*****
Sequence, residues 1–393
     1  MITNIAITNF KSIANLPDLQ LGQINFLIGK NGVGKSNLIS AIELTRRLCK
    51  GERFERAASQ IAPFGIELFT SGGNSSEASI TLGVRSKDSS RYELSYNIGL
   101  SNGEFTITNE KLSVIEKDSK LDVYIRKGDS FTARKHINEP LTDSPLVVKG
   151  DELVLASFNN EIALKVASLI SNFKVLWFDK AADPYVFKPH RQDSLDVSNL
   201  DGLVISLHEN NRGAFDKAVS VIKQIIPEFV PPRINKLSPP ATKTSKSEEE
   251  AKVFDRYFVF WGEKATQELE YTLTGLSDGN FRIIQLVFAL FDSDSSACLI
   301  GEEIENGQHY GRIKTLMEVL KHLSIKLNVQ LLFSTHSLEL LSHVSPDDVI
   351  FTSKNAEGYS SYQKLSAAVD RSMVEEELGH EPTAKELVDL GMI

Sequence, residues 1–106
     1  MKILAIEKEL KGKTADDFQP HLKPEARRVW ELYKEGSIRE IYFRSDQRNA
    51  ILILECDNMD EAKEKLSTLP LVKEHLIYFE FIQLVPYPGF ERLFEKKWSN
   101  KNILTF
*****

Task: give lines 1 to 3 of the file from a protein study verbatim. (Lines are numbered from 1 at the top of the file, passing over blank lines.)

Sequence, residues 1–393
     1  MITNIAITNF KSIANLPDLQ LGQINFLIGK NGVGKSNLIS AIELTRRLCK
    51  GERFERAASQ IAPFGIELFT SGGNSSEASI TLGVRSKDSS RYELSYNIGL